A colonoscopy is a procedure to inspect the large bowel, which might be necessary if you are at risk or show symptoms of bowel cancer or bowel disease.
For such a common procedure, the cost can vary. We’ll walk you through those costs and how health insurance can help you.
Colonoscopies are used to diagnose – and in some cases remove – bowel cancer. It involves a flexible tube known as a colonoscope which is inserted through the anus into the large bowel. Using a live camera feed, surgeons diagnose and remove any cancerous tissue.1
Symptoms of bowel cancer include:
Days before the procedure, you may be placed on a special diet and given laxatives to help clear out your bowel. Your GP or specialist will be able to walk you through the process. When undergoing a colonoscopy, you’ll be under sedation.
The average cost of a colonoscopy (with or without a biopsy) was $1,300 in the 2019-20 financial year, based on data from the Department of Health.3 The cost includes the doctor’s fees, surgery costs, theatre and anaesthetist fees plus any other expenses involved in a colonoscopy.
It’s essential to note that this price isn’t necessarily what you’ll have to pay, as colonoscopy costs can vary based on which hospital and doctor treats you.
Medicare (Australia’s public health system) covers the entire cost of a colonoscopy if you’re a publicly admitted patient. Once you’ve been referred to a specialist, you will be put on a public waiting list for a colonoscopy. Most patients in Australia’s public system (86.55%) have a colonoscopy within 30 days of seeing a specialist.4
Going through the private system for a colonoscopy means you can choose your doctor and be treated in a private hospital. You also avoid public waiting lists, which means you could be seen even sooner.
In the 2019-20 financial year, 81% of privately insured patients (who were covered for colonoscopy) didn’t have to pay anything out of pocket, as their health insurance covered all expenses (though they may have been charged an excess). Those who did pay had an average out-of-pocket cost of $170, according to the Department of Health.5
Medicare covers 75% of the Medicare Benefits Schedule fee for private patients, and private health funds cover the remaining 25%.
Doctors and specialists can set their own fees, which means there may be a gap payment to cover the difference between what doctors charge and what Medicare and private health insurance covers. 1
The Medicare Benefits Schedule (MBS) is a list of item numbers and corresponding prices for medical services and treatment covered by Medicare, which the Australian Government deems a fair amount to cover the cost of a procedure.
|MBS item number||MBS fee||Medicare covers 75%||Remaining 25% difference|
|32087, 32088, 32089, 32093||$213||$159.75||$53.25|
|32222, 32223, 32224, 32225, 32226||$347.90||$260.95||$86.95|
|Source: Medicare Benefits Schedule Book: Operating from July 2021. Department of Health, Australian Government. 2021.|
Remember, the listed fees are only a part of the total cost of treatment and expenses you might have to pay. For example, you may also have to pay excess payment for claiming on your private health insurance, or your doctor could set their fee higher than the MBS fee.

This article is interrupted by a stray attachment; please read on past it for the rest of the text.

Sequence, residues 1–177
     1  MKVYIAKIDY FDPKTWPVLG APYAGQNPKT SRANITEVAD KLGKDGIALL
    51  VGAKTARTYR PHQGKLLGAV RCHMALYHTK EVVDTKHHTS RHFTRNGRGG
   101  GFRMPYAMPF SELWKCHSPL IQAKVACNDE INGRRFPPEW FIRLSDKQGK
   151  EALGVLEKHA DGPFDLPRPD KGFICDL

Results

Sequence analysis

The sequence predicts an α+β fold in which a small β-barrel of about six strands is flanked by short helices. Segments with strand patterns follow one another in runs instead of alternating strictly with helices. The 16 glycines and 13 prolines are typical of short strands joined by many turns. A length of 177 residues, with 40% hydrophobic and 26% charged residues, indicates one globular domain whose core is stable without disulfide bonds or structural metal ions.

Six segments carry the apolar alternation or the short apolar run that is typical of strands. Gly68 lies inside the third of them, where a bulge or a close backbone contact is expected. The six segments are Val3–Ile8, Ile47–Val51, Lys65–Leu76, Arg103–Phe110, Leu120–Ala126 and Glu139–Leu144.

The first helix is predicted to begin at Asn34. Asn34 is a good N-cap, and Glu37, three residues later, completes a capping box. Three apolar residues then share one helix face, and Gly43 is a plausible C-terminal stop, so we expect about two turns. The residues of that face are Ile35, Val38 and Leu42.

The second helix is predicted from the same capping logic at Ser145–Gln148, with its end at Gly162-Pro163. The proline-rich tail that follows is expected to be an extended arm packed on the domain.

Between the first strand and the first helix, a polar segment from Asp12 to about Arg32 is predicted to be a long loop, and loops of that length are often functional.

Hospital insurance is categorised into tiers of cover (Basic, Bronze, Silver and Gold), which are standard across all health insurers. Colonoscopies are a minimum requirement in Bronze category and above under the treatment category ‘gastrointestinal endoscopy’.
With health insurance for a colonoscopy, you’ll be covered for the following costs (provided you’ve sat through any waiting periods prior to claiming):
Some hospitals and specialists have an agreement with private health insurers where you won’t have any out of pocket payments for hospital fees, or you’ll know what the gap payment will be beforehand. These are known as no-gap and known-gap agreements.
Keep in mind, other doctors who may be involved in a colonoscopy might not have the same agreement with your health insurance provider (e.g. your anaesthesiologist). You may have out-of-pocket costs for any assisting health professionals, depending on whether they charge above the MBS-listed prices for the procedure.
Yes, you can use your private health insurance in a public hospital and be admitted as a private patient. In this instance, the hospital bills your health insurer the 25% difference that Medicare covers for public patients.
Also, most public hospitals are treated as agreement hospitals by private health funds when it comes to out of pocket costs, even if there is no formal agreement.
Regardless of whether you are going to a public or private hospital, make sure you ask your health insurer and the hospital about all potential out of pockets you may be charged for your treatment.
You’ll need to serve a two-month waiting period before you can claim on colonoscopy treatment. If you have shown any signs of symptoms of requiring a colonoscopy within six months of opening your private health insurance policy, you won’t be able to claim the cost as a private patient right away. In most cases this will be deemed a pre-existing condition by the insurer and will require you to serve a twelve-month waiting period.
If you switch over to a new health fund but maintain your current level of cover, you won’t need to re-serve any waiting periods you’ve already served. However, when switching policies or health funds without having finished a waiting period, you’ll simply pick up where you left off.
Private health insurance can be used to cover different medical costs and includes benefits such as:
If you’re thinking about taking out private health insurance, our free comparison service helps you weigh up multiple policies. In minutes, you can compare prices and take out a policy. Already have cover? We’ll help you compare and switch. Simples!